I learned something new today. Not uncommon, but it's a core .NET runtime feature I simply did not know although I know I've run into this issue a few times and worked around it in other ways. Today there was no working around it and a few folks on Twitter pointed me in the right direction.
The question I ran into is:
How do I create a type instance of a generic type when I have dynamically acquired the type at runtime?
Yup it's not something that you do everyday, but when you're writing code that parses objects dynamically at runtime it comes up from time to time. In my case it's in the bowels of a custom JSON parser. After some thought triggered by a comment today I realized it would be fairly easy to implement two-way Dictionary parsing for most concrete dictionary types. I could use a custom Dictionary serialization format that serializes as an array of key/value objects. Basically I can use a custom type (that matches the JSON signature) to hold my parsed dictionary data and then add it to the actual dictionary when parsing is complete.
Figuring out Generic Parameters of a Type at Runtime
One issue that came up in the process was how to figure out what type the Dictionary<K,V> generic parameters take. For the following code assume that arrayType is a known type instance of an array-like object - an IList, IDictionary or a plain array. In this case I'm looking specifically for types that implement IDictionary.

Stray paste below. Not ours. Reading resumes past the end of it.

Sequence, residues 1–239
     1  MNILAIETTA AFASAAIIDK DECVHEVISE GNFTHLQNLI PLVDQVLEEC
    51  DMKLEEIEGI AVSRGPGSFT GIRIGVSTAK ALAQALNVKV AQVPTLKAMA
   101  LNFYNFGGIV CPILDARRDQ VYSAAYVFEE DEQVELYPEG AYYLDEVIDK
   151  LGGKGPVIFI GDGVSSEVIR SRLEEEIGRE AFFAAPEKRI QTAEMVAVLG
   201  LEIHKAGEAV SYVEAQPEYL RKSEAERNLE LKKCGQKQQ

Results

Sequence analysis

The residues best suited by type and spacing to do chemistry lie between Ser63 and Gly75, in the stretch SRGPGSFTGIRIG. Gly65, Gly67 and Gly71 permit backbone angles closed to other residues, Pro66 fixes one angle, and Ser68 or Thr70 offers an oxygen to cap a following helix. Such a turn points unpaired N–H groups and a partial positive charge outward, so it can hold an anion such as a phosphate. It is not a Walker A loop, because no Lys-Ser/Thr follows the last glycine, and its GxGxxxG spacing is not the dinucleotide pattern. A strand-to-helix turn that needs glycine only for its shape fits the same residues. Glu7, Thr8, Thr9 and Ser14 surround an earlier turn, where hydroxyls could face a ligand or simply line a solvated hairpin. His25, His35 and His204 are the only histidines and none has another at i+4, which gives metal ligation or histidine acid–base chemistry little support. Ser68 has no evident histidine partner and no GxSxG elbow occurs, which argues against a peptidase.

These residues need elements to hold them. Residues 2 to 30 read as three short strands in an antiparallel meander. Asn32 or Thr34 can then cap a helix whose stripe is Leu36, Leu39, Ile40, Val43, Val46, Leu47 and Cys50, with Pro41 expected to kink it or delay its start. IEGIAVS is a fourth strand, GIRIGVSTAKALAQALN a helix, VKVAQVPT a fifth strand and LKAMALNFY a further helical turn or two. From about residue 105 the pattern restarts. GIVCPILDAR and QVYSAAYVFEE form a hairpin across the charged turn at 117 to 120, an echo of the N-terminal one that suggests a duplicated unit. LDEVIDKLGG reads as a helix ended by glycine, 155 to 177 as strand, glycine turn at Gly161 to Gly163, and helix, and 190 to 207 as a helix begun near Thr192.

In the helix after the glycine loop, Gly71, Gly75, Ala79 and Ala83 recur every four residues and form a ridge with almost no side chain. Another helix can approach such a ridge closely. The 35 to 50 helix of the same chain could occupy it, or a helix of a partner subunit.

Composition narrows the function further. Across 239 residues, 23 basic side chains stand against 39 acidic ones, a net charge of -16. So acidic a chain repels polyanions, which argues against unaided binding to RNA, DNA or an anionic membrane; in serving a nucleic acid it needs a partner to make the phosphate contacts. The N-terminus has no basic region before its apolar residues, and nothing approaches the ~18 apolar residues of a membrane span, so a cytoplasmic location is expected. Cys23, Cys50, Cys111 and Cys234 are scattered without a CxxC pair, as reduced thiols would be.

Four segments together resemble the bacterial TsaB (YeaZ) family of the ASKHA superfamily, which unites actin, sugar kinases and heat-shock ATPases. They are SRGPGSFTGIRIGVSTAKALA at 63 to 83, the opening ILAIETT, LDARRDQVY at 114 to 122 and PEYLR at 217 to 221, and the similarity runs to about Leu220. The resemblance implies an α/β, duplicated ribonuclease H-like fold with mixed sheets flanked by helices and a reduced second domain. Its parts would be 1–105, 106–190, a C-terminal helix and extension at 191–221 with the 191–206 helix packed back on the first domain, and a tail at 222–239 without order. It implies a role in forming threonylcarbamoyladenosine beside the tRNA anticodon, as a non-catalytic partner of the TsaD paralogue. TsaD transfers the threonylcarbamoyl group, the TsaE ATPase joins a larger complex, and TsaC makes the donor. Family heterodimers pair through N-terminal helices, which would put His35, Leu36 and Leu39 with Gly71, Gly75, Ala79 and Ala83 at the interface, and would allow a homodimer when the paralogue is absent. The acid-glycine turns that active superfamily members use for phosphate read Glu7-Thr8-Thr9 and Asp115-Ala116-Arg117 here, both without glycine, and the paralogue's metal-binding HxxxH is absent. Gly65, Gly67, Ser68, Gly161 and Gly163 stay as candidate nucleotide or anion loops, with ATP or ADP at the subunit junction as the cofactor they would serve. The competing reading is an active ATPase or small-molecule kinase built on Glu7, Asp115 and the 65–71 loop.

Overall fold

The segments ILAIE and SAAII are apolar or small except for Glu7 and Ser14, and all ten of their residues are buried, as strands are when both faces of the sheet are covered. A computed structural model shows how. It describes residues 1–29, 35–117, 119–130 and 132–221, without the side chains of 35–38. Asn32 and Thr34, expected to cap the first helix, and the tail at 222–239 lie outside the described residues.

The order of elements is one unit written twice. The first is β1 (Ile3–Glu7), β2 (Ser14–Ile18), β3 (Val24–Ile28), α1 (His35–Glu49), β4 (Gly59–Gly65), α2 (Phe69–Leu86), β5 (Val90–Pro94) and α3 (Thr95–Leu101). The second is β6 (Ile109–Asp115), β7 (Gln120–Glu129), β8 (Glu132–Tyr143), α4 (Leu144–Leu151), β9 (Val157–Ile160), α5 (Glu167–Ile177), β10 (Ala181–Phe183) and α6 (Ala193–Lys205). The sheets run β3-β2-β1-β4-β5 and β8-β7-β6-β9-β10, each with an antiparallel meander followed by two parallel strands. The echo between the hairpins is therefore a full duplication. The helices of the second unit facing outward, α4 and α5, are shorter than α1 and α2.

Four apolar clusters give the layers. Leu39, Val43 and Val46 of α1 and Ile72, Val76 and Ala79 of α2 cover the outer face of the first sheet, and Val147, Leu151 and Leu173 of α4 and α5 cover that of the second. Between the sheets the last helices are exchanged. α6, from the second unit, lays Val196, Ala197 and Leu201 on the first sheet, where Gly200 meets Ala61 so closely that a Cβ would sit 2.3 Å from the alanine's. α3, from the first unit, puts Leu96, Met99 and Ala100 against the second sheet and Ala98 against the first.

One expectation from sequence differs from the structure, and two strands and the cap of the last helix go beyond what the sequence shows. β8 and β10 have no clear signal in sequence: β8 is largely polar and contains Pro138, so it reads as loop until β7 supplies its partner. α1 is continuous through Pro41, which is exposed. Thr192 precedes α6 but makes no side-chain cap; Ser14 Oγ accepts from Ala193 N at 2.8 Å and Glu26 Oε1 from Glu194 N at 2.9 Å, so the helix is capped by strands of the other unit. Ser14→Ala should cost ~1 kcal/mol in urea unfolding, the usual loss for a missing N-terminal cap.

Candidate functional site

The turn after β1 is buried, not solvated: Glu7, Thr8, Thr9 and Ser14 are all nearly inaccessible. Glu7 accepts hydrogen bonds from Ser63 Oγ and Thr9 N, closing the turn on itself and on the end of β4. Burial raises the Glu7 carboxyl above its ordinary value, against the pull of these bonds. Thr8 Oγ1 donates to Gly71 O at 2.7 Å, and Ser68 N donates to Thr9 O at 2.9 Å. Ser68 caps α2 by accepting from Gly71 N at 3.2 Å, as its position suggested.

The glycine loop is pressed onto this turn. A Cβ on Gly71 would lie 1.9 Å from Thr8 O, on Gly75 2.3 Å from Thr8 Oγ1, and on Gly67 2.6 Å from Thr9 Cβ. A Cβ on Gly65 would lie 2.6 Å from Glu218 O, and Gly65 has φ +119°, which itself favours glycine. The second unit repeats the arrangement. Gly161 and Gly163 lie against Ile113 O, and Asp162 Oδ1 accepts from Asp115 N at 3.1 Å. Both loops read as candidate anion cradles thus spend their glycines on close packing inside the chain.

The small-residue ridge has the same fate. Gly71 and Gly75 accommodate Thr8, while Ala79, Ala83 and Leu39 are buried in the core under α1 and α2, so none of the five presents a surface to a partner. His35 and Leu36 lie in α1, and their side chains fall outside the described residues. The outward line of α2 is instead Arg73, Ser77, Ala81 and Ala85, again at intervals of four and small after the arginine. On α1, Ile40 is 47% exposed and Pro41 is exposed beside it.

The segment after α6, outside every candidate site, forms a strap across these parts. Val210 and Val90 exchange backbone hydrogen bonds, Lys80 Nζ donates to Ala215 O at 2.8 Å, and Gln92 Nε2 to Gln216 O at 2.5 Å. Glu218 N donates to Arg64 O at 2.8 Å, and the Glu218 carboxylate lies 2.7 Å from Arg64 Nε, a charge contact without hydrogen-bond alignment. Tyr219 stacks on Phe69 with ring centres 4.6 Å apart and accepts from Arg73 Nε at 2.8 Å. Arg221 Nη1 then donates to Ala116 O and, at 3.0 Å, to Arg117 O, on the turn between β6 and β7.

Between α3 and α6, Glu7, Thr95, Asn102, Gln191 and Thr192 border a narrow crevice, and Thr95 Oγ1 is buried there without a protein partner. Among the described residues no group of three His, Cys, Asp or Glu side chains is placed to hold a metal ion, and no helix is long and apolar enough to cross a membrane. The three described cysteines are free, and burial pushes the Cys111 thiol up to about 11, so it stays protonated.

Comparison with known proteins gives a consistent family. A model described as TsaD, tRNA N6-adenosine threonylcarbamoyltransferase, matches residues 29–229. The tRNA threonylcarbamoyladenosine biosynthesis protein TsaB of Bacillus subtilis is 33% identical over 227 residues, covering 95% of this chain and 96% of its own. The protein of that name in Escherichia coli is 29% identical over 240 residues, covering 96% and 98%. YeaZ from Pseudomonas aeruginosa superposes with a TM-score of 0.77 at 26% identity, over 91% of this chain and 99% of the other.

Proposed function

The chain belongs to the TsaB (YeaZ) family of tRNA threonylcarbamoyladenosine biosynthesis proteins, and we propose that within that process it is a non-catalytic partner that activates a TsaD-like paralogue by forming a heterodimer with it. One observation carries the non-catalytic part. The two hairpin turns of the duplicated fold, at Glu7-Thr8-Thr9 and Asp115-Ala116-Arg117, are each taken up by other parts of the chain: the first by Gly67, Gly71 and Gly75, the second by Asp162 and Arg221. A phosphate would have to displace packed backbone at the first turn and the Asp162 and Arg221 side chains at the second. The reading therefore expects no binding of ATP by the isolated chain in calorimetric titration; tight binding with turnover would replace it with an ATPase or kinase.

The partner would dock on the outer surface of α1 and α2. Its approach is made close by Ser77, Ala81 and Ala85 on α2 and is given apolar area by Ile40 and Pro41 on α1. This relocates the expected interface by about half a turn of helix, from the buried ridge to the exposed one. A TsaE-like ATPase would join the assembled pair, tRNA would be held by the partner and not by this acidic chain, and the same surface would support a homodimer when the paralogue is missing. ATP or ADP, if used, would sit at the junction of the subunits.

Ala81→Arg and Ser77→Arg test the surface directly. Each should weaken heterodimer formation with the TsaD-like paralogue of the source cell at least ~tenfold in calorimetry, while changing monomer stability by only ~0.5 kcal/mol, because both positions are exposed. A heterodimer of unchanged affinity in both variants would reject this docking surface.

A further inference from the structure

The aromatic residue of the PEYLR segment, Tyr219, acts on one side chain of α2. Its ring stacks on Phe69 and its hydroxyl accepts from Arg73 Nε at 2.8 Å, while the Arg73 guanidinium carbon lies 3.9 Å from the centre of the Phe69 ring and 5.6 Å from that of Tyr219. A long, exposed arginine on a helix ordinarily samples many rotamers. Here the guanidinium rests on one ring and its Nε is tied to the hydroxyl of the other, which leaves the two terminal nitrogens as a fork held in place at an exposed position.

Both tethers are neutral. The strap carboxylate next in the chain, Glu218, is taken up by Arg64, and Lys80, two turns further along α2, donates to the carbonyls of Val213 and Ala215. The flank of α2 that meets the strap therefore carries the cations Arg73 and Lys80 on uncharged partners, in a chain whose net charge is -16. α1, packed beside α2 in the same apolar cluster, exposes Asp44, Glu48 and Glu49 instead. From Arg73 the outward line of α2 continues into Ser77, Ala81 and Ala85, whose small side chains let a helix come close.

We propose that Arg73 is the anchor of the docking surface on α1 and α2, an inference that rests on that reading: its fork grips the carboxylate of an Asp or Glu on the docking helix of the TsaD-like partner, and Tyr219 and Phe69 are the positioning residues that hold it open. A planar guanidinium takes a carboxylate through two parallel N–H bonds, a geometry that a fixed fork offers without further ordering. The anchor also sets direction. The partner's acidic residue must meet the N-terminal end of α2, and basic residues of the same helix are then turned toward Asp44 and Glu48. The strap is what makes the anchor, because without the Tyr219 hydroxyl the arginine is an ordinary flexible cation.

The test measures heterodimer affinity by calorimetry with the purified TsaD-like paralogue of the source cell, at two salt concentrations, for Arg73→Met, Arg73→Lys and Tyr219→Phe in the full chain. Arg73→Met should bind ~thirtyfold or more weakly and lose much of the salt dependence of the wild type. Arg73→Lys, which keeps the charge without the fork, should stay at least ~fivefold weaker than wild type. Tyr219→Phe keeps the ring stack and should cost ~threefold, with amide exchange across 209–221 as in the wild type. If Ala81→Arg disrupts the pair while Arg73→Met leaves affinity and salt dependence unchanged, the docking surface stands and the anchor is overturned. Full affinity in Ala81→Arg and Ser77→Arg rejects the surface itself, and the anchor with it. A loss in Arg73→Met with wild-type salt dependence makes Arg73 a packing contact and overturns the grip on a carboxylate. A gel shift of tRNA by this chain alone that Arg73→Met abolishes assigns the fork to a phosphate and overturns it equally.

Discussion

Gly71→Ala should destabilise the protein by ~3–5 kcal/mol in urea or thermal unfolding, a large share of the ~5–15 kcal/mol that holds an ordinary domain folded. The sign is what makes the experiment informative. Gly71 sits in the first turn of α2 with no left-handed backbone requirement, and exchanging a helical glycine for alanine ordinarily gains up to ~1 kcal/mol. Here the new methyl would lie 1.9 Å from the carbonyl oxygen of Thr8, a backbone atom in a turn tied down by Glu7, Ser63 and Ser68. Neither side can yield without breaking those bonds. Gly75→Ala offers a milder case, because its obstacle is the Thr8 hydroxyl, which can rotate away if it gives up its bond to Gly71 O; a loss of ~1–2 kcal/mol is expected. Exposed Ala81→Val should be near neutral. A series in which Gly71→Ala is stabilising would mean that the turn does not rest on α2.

Reflection actually makes it fairly easy to figure out generic parameter types (ie. what concrete types K and V are) at runtime with code like this:
if (arrayType.GetInterface("IDictionary") != null)
var keyType = arrayType.GetGenericArguments();
var valueType = arrayType.GetGenericArguments();
The GetArrayType method gets passed a type instance that is the array or array-like object that is rendered in JSON as an array (which includes IList, IDictionary, IDataReader and a few others). In my case the type passed would be something like Dictionary<string, CustomerEntity>. So I know what the parent container class type (the IDictionary type) is. Based on the the container type using it's then possible to use GetGenericTypeArguments() to retrieve all the generic types in sequential order of definition (ie. string, CustomerEntity).
That's the easy part.
Creating a Generic Type and Providing Generic Parameters at RunTime
The next problem is how do I get a concrete type instance for the generic type? I know what the type name and I have a type instance is but it's generic, so how do I get a type reference to keyvaluepair<K,V> that is specific to the keyType and valueType above?
Here are a couple of things that come to mind but that don't work (and yes I tried that unsuccessfully first):
Type elementType = typeof(keyvalue<keyType, valueType>);
Type elementType = typeof(keyvalue<typeof(keyType), typeof(valueType)>);
The problem is that this explicit syntax expects a type literal not some dynamic runtime value, so both of the above won't even compile.
I turns out the way to create a generic type at runtime is using a fancy bit of syntax that until today I was completely unaware of:
Type elementType = typeof(keyvalue<,>).MakeGenericType(keyType, valueType);